The letters are a touching and humbling unintended consequence of the little light bulb moment that launched it all, she says. “I didn’t set out to do anything. I just wanted to start a business and sell some blankets. But based on the letters and e-mails I get, we’ve had an impact on people’s lives, and that’s a wonderful and very privileged place for me to have ended up. That’s by far and away the best part of what I do.”

What was the biggest challenge when launching the brand?
It was working capital—actually having money to do it. And to this day it still remains a challenge. I’m just now, nearly seven years later, getting over that hump where we can fund our own business. Starting the business at the beginning of the worst recession since the Great Depression was also not ideal timing because whereas I would have had access to capital prior to that, no one would even look at me. I spent the first five years begging and pleading friends and family for money to keep going. And there were many times where it was very touch and go. We were like, ‘Do we buy stock or do we pay the four people who work for us?’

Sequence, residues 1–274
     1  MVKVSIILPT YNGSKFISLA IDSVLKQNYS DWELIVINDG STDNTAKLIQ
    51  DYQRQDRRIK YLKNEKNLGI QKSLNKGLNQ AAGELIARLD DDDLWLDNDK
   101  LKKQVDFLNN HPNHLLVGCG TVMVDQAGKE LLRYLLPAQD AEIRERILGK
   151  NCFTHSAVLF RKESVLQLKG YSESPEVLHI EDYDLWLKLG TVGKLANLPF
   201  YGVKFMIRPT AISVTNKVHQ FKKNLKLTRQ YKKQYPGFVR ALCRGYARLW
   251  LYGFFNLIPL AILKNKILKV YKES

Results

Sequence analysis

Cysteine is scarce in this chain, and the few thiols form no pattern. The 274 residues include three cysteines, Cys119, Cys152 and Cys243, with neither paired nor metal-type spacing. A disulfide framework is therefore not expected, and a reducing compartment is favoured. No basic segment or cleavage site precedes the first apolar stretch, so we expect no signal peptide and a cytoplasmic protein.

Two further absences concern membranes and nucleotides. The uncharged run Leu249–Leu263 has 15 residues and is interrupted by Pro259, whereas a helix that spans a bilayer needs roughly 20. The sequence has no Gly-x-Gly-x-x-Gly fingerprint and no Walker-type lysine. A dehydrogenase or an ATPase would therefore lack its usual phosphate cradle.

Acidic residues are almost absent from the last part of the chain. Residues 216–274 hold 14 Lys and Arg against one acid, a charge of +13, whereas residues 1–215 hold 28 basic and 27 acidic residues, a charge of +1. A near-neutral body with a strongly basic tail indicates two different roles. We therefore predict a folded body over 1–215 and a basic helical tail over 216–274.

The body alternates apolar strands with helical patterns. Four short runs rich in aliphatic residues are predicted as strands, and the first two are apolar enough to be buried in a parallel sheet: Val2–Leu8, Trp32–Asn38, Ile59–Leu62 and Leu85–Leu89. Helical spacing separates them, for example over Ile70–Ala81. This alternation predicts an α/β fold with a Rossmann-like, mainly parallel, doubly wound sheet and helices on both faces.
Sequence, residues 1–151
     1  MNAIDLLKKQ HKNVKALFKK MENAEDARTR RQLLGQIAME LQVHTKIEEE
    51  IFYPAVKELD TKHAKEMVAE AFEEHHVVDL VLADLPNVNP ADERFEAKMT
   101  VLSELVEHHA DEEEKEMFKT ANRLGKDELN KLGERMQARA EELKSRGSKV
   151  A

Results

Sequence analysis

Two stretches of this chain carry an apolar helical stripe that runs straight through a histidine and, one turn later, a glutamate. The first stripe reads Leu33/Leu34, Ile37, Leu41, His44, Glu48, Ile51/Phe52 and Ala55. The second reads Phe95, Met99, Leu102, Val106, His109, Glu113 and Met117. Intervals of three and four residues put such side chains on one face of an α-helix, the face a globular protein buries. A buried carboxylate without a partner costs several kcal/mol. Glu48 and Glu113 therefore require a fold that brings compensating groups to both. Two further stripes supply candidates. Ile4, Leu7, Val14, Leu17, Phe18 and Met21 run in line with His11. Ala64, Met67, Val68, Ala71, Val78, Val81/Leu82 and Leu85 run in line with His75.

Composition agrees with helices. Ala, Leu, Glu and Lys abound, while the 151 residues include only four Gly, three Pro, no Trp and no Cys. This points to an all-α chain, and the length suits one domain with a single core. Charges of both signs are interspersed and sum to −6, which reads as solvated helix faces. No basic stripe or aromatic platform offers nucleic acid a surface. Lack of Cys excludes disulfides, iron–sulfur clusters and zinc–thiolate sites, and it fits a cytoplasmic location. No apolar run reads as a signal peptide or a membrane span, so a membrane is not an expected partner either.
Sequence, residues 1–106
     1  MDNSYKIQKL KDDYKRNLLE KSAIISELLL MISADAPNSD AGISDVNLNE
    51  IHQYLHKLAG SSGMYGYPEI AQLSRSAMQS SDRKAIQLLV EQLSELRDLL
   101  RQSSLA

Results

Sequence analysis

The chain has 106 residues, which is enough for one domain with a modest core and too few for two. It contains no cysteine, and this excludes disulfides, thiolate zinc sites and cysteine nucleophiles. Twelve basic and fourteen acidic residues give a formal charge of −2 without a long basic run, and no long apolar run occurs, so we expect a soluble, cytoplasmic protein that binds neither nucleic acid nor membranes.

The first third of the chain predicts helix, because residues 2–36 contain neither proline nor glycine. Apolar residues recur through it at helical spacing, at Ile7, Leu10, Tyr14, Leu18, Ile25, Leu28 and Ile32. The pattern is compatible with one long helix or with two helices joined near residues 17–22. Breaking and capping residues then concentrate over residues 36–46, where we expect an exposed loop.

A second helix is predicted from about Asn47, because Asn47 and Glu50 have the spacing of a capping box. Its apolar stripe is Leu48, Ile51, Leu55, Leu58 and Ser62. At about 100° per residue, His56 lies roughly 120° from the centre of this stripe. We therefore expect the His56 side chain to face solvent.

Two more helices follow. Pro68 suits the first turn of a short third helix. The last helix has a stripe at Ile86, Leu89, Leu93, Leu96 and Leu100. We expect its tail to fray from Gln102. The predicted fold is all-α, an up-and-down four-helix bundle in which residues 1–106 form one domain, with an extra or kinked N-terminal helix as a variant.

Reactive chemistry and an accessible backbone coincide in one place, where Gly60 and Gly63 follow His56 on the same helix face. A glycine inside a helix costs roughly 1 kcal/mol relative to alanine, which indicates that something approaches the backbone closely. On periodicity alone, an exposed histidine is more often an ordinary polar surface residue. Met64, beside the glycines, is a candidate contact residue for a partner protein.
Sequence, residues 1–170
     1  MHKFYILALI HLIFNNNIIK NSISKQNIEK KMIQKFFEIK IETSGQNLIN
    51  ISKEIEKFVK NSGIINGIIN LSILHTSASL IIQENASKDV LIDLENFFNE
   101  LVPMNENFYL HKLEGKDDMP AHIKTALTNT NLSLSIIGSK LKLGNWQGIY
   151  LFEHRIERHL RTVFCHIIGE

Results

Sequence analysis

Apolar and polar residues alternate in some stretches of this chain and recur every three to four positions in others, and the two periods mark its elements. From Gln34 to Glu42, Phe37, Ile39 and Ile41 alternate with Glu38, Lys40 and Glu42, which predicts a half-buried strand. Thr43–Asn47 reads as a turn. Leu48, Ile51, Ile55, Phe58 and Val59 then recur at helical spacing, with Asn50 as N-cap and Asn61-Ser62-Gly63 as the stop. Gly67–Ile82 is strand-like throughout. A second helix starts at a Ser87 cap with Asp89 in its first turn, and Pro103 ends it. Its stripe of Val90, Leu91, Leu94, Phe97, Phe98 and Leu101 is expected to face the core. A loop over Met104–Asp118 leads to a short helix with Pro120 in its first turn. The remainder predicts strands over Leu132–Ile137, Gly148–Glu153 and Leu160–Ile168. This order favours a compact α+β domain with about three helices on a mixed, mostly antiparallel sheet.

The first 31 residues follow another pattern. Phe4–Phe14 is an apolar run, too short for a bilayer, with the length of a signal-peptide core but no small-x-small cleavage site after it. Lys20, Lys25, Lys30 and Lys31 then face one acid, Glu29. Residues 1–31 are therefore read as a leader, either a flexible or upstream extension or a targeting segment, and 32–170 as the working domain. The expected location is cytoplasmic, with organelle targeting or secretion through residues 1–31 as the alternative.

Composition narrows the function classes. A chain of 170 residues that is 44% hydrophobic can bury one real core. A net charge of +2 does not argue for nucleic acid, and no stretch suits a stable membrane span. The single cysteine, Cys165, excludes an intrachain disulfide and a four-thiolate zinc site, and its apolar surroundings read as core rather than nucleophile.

Why do you think parents still flocked to Aden + Anais, even in the midst of a recession?
I think that parents are always looking for quality and usefulness. That’s what I try to make our brand stand for. If it’s not a product I want to use in my home on my children, it’s not something I would ever put the Aden + Anais stamp on. Every decision for this business gets made from the perspective of a mom rather than a business person.

How do you think that perspective as a mom helps?
Here’s a good story: A company wanted to buy Aden + Anais a few years ago, and I ended up having discussions with them. I’m sitting in their board room with a bunch of men in their mid 40s—no disrespect to men—and they are selling me on what they do. One of them starts talking to me about a breast pump they are launching, and he says that it is super comfortable. And I said, ‘Oh please, have you actually had a breast pump on your nipple?’ And they all looked at me. I said, ‘Seriously, have you? Then how can you tell me? There is no such thing as a comfortable breast pump. They hurt.’ I really do think that’s why a lot of businesses that are truly run by a mother stand out. We live it every single day. We’re not sitting in some room somewhere coming up with products we think are going to make lots of money. We’re coming up with products in our home because we want them for ourselves. We’re a built-in test market.